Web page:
According to the World Health Organization, well-being is strongly influenced by the cultural context; for this purpose, nationally calibrated measurement procedures and tools are available. The evaluation design applied to this topic must consider these protocols.

In this perspective, professional and learning development are the keys strategies that health organizations must implement to promote health and well-being in their contexts.

Indeed, studies on organizations have shown that the most efficient structures are those with satisfied employees and a peaceful and participatory “internal climate” (Tavormina, et al., 2014; Grant, Courtaine & Barton, 2009). The improvement of mental and physical health of workers increases the productivity and satisfaction of customers/users, especially in healthcare companies where Health is considered the final gaol.

Consequently, the evaluation of well-being is now a priority for the health organization: “Establishing the current levels of psychological well-being in the organization is a prerequisite, first to decide on interventions.” (The British Psychological Society – Division of Occupational Psychology, 2010) (Warr, 2012; Diamare, Pocetta, & Polito, 2010).

The concept of organizational well-being refers to the way people live the relationship with the organization in which they work; the more a person feels they belong to the organization, because they share its values, practices, languages, the more they find motivation and meaning in their work. It’s for these reasons that it’s necessary to develop skills related to the emotional dimension, the way people live the organization and, above all, the climate in which employees work every day.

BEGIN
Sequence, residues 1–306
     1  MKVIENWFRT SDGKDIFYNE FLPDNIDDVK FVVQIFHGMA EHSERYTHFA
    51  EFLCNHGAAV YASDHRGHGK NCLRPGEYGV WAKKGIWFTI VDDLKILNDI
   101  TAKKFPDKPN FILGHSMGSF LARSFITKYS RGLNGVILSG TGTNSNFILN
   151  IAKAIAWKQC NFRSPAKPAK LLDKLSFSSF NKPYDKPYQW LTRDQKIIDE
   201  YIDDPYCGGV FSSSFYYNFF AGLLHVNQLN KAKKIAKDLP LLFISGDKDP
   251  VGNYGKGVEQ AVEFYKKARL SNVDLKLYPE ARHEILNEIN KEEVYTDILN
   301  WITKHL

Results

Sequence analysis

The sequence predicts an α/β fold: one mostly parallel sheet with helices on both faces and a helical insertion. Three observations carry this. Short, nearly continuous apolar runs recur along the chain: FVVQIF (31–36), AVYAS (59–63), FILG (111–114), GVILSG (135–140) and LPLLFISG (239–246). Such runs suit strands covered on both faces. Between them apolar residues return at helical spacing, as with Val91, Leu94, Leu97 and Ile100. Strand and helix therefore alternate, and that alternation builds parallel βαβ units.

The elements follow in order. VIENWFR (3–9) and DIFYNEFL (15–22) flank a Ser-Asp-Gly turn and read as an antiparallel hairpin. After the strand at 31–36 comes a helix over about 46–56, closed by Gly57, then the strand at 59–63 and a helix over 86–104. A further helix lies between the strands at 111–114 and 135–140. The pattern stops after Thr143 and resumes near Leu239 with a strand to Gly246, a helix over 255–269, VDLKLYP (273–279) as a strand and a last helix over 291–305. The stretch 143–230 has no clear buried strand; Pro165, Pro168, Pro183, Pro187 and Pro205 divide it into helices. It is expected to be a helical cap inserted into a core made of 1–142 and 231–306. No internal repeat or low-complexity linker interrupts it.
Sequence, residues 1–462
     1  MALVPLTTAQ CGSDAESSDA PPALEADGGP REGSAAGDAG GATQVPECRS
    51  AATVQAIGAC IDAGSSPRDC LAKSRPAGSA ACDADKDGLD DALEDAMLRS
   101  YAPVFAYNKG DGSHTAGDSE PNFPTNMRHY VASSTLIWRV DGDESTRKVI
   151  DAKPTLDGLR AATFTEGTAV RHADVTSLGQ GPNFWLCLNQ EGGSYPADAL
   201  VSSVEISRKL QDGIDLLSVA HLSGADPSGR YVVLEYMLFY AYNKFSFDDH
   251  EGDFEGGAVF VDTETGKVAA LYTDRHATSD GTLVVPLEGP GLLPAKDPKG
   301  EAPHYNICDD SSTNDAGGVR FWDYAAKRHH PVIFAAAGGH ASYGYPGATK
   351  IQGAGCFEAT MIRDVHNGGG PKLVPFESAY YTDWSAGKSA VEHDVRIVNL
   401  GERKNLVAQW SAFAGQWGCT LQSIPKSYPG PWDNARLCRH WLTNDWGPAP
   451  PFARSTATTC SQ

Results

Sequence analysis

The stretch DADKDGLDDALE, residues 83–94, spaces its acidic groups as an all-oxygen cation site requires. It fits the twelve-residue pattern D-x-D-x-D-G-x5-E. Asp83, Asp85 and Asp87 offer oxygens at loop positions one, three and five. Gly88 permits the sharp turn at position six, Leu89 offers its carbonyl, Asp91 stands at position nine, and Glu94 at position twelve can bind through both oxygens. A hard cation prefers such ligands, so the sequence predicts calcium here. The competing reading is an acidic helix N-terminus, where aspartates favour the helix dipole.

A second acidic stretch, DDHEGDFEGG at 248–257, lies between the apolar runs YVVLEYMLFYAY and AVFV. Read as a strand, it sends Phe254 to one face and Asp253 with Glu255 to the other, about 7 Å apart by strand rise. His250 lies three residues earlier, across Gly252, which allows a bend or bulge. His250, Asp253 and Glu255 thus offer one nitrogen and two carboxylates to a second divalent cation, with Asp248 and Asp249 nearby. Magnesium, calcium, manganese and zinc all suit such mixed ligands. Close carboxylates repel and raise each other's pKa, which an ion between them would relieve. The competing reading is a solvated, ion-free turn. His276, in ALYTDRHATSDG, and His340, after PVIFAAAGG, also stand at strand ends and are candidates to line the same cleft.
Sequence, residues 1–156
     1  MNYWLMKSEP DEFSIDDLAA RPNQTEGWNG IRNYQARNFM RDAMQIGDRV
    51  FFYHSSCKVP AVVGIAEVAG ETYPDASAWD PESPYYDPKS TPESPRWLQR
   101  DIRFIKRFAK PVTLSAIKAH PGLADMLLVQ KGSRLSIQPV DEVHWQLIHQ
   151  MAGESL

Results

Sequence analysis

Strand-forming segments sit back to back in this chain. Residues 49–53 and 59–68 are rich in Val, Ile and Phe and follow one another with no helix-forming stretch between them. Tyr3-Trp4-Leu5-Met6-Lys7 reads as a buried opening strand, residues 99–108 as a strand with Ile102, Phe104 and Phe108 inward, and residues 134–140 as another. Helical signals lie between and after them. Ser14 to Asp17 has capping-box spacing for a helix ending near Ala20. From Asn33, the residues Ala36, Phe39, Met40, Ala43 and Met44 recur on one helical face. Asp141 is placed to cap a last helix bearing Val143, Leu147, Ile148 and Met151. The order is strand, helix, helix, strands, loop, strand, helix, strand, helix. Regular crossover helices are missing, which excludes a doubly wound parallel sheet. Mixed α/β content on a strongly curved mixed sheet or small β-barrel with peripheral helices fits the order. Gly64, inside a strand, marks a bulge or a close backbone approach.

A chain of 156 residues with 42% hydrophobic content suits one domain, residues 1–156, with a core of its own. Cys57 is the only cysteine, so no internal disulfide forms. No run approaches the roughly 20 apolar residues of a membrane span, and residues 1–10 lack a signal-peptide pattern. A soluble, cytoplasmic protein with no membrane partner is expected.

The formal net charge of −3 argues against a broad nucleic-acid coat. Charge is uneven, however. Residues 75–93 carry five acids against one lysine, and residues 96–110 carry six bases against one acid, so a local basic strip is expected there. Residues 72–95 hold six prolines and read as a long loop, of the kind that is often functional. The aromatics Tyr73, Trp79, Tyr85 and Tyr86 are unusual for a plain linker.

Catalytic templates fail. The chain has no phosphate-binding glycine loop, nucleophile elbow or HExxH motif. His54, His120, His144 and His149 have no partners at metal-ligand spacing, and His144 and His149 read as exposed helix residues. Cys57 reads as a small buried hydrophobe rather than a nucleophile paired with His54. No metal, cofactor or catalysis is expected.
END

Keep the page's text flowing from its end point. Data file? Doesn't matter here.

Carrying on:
Starting from the importance of promoting the psychophysical health of health workers at high risk of stress, we wanted to explore if an in-service training course could have a positive outcome on the psychological well-being, as imagined and measured by Carol Ryff (Ryff, 1989). The empirical evaluation model developed by Carol Ryff remains the most frequent operationalization of the eudaimonic vision of pschological well being (Ryan & Deci, 2001).

This premise justifies the opportunity to evaluate the impact of training carried out with a positive and salutogenic psychology approach aimed at improving individual ability to respond to stressors.  (Antonovsy, 1996) (Suominen & Lindstroem, 2008).

Extending previous research on psychological well-being and claiming that well-being goes beyond happiness and life satisfaction, Ryff (1989) proposed the concept of psychological well-being; while subjective well-being focuses on the pursuit of happiness and a pleasant life, psychological well-being aims to achieve human potential and a meaningful life even in front of challenges and adversity (De Caroli & Sagone, 2016).

Carol Ryff’s contribution to the study of psychological well-being in the workplace has long been recognized (Diamare, Pocetta, & Polito, 2010; Bartels, Peterson, & Reina, 2019). The psychological well-being measurement scale (PWBS) found a great application in different contexts, populations and groups and, although it has been criticized for some statistical weaknesses, it continues to be applied in its different versions validated in different linguistic contexts.